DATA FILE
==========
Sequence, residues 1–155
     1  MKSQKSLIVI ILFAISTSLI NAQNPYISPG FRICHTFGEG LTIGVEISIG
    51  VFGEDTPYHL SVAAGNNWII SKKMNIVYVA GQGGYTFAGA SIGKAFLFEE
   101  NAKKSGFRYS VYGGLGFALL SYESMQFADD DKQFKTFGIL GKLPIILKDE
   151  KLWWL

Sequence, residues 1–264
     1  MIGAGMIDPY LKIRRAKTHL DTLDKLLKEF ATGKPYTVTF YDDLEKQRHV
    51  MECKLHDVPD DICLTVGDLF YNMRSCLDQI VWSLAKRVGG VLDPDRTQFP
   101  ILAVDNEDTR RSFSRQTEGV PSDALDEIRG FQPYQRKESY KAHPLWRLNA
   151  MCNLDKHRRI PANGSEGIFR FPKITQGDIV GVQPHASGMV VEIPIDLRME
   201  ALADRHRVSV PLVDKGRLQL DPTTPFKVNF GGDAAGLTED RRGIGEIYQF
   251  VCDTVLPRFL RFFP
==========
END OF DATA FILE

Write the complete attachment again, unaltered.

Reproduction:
Sequence, residues 1–155
     1  MKSQKSLIVI ILFAISTSLI NAQNPYISPG FRICHTFGEG LTIGVEISIG
    51  VFGEDTPYHL SVAAGNNWII SKKMNIVYVA GQGGYTFAGA SIGKAFLFEE
   101  NAKKSGFRYS VYGGLGFALL SYESMQFADD DKQFKTFGIL GKLPIILKDE
   151  KLWWL

Sequence, residues 1–264
     1  MIGAGMIDPY LKIRRAKTHL DTLDKLLKEF ATGKPYTVTF YDDLEKQRHV
    51  MECKLHDVPD DICLTVGDLF YNMRSCLDQI VWSLAKRVGG VLDPDRTQFP
   101  ILAVDNEDTR RSFSRQTEGV PSDALDEIRG FQPYQRKESY KAHPLWRLNA
   151  MCNLDKHRRI PANGSEGIFR FPKITQGDIV GVQPHASGMV VEIPIDLRME
   201  ALADRHRVSV PLVDKGRLQL DPTTPFKVNF GGDAAGLTED RRGIGEIYQF
   251  VCDTVLPRFL RFFP